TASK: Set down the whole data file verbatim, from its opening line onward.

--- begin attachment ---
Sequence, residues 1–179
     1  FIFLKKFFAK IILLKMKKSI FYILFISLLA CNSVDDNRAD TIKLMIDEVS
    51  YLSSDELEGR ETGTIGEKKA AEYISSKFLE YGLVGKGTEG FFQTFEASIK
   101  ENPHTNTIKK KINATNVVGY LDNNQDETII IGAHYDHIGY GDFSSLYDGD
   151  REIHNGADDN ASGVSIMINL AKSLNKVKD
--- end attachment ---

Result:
Sequence, residues 1–179
     1  FIFLKKFFAK IILLKMKKSI FYILFISLLA CNSVDDNRAD TIKLMIDEVS
    51  YLSSDELEGR ETGTIGEKKA AEYISSKFLE YGLVGKGTEG FFQTFEASIK
   101  ENPHTNTIKK KINATNVVGY LDNNQDETII IGAHYDHIGY GDFSSLYDGD
   151  REIHNGADDN ASGVSIMINL AKSLNKVKD